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IndieWeb and Respect Network: Two roads to decentralizing the network
by Scott Rosenberg | July 3, 2014


The Respect Network tackles the whole "take back the Web" idea from the opposite direction of the IndieWeb's grassroots-developer tinkering. The project actually emerged from the community around the Internet Identity Workshop - a gathering very similar to IndieWeb Camp in spirit, and that has been around longer. But the Respect Network is much more conventional and institutional in its approach.

That's understandable, given what it's trying to accomplish: It aims to engineer an alternative financial and data infrastructure built on personal ownership of data and shared principles of trust; the model seems to be Visa/Mastercard, but where you own your data. (There's a detailed "Trust Framework" that participating businesses must adopt.) The key elements here are:

  • "Cloud names" - global personal (or business) identifiers that use an equal sign rather than, say, email/Twitter's "@" sign or the domain-name system to represent an individual user (for example, I am "=scottros").
  • Cloud service providers - companies that provide cloud name registration and personal/business data storage under Respect Network principles.
  • A single sign-in button (like the ubiquitous "sign in with Facebook/Twitter" buttons) for sites to deploy so users can log in to multiple services using their cloud names.
  • All of this works under a technical standard called XDI, which should allow for the emergence of a system of competing businesses all sharing the same infrastructure. XDI has been worked on for some time now but there isn't a ton of actual services and products using it today.

(More details at GigaOm)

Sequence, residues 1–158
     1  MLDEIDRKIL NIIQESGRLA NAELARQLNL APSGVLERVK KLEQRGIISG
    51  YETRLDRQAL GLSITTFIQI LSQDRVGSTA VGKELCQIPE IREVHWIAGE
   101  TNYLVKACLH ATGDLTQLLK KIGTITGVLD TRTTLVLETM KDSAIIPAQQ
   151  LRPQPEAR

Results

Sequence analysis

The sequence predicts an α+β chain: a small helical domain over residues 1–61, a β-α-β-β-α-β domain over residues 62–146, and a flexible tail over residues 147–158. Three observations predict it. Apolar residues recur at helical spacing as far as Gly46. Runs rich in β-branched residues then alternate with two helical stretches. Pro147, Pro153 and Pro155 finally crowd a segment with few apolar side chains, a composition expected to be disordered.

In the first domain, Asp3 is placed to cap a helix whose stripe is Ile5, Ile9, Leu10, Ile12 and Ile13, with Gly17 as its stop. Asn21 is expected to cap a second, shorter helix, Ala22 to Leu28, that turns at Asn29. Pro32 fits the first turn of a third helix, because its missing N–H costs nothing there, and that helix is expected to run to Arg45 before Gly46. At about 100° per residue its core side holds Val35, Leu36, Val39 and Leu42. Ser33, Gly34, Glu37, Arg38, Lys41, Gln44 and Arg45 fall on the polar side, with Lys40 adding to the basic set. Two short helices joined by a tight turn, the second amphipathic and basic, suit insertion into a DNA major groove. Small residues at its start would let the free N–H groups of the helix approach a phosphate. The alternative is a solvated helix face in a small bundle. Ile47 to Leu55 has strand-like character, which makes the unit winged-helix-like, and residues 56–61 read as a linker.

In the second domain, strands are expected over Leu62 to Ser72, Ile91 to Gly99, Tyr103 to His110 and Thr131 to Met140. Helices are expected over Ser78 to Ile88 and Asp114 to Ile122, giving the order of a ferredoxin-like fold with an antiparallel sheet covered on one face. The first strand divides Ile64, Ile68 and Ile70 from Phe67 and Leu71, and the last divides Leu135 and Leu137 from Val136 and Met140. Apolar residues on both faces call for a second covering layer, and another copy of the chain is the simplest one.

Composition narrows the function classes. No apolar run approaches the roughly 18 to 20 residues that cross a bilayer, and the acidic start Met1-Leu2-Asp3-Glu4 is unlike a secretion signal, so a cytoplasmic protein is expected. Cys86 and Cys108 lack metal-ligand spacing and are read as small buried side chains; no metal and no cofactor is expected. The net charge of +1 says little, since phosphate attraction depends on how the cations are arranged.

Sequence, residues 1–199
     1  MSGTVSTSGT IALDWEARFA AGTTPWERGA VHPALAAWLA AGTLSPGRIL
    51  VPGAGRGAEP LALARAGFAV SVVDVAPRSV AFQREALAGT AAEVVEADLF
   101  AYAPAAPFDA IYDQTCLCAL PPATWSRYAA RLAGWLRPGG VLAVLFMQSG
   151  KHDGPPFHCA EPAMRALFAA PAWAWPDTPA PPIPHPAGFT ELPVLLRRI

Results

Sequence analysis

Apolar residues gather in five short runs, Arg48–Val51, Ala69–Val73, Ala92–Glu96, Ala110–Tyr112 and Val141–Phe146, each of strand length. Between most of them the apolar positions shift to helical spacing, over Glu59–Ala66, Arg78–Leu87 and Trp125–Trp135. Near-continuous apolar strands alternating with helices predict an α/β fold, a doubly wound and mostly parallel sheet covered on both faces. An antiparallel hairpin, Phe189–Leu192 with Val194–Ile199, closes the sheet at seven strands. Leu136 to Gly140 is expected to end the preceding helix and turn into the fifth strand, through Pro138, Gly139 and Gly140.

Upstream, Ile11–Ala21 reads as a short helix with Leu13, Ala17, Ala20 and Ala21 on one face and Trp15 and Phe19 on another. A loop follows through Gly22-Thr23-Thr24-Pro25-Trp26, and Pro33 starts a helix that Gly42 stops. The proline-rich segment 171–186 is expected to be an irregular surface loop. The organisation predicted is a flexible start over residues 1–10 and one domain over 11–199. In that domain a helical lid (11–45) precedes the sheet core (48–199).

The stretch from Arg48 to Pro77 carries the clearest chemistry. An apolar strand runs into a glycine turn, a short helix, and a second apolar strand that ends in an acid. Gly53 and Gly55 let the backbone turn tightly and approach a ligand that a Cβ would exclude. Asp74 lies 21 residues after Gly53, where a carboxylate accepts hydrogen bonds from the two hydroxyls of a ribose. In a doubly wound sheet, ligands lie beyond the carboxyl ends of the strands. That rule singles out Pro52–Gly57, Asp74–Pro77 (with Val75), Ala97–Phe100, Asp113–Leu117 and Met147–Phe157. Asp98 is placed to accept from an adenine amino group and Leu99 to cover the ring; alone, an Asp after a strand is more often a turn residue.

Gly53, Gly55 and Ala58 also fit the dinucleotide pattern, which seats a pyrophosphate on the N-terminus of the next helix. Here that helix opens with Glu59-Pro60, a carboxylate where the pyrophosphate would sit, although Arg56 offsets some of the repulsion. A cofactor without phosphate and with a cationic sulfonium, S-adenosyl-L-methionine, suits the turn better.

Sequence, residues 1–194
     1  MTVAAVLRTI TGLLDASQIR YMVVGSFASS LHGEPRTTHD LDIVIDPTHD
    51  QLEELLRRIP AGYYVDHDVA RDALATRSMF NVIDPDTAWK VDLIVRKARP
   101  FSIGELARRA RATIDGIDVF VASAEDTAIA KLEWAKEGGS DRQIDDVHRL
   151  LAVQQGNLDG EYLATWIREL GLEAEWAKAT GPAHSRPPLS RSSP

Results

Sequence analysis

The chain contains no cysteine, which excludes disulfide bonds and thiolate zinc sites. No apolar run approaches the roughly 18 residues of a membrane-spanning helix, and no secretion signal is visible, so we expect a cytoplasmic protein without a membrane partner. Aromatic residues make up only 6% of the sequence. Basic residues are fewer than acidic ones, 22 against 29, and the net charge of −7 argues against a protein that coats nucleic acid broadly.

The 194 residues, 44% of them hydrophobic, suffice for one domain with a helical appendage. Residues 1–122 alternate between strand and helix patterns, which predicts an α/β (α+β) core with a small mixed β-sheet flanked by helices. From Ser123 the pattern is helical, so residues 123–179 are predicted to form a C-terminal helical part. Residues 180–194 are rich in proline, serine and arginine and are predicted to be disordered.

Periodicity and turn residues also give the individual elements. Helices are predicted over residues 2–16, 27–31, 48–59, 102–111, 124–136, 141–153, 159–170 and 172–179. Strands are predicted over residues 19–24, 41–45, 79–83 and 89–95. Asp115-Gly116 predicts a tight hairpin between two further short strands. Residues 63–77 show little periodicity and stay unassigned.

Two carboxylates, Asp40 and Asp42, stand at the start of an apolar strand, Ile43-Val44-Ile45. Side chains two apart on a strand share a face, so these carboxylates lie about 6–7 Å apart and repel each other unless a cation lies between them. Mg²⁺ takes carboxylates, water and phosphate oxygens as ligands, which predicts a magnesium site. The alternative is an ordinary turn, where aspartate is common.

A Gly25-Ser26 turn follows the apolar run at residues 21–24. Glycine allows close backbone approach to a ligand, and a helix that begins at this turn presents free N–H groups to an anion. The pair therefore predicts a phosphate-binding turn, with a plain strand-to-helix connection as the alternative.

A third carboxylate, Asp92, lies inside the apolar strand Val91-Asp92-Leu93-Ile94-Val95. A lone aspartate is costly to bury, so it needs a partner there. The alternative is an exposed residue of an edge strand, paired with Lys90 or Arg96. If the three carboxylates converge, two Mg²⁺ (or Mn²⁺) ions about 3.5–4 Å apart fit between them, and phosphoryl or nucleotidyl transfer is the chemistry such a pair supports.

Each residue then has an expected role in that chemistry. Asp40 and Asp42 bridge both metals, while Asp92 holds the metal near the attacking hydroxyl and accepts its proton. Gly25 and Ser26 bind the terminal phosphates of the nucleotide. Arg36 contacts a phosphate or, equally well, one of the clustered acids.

The Respect Network founders have assembled an alliance of infrastructure companies, service providers and creative thinkers - people like Doc Searls, Phil Windley, and Jerry Michalski - and begun to sign up partners and customers. Tuesday was launch day for the network in San Francisco (it's in the middle of a global road show).

It was clear at the event that, right now, there isn't a huge amount of Respect Network services that anyone can yet use: About all you can do is reserve a cloud name. The network's goal is to sign up a million people for this at a special $25-for-life introductory rate. You can go today to providers like Emmett Global and do this, as I did. But you can't do much with it yet. Eventually, the idea is that this name will serve as the address for all your data, and when you interact with businesses and other people you'll be able to set the terms.

Respect Network is trying to bridge the worlds of privacy activism and Internet marketing, and that is unquestionably a tough challenge: The company's leaders need to persuade the business people that they mean business, while demonstrating to the idealists who will be their first participants and customers that they are not sell-outs.

It's hard to say how far they'll get. On the one hand, the free/ad-supported model is powerful and everywhere today. It's not going to just wither and die. On the other, the logic of the simple "you should own your own data" principle is potent; the world of advertising keeps finding new ways to overstep public tolerance; and the keepers of corporate silos keep stepping into their own booby traps.

Emmett founder Lionel Wolberger gave his pitch at Monday's event with a memorable joke, envisioning what phone calls would be like if they were ad-supported the way so many web services are. The idea of companies listening in to our phone calls so they could break in and pitch products sounds ludicrous, unimaginable - yet somehow we are willing to tolerate this same dynamic in our online communications. The Respect Network will test our appetite for alternatives.

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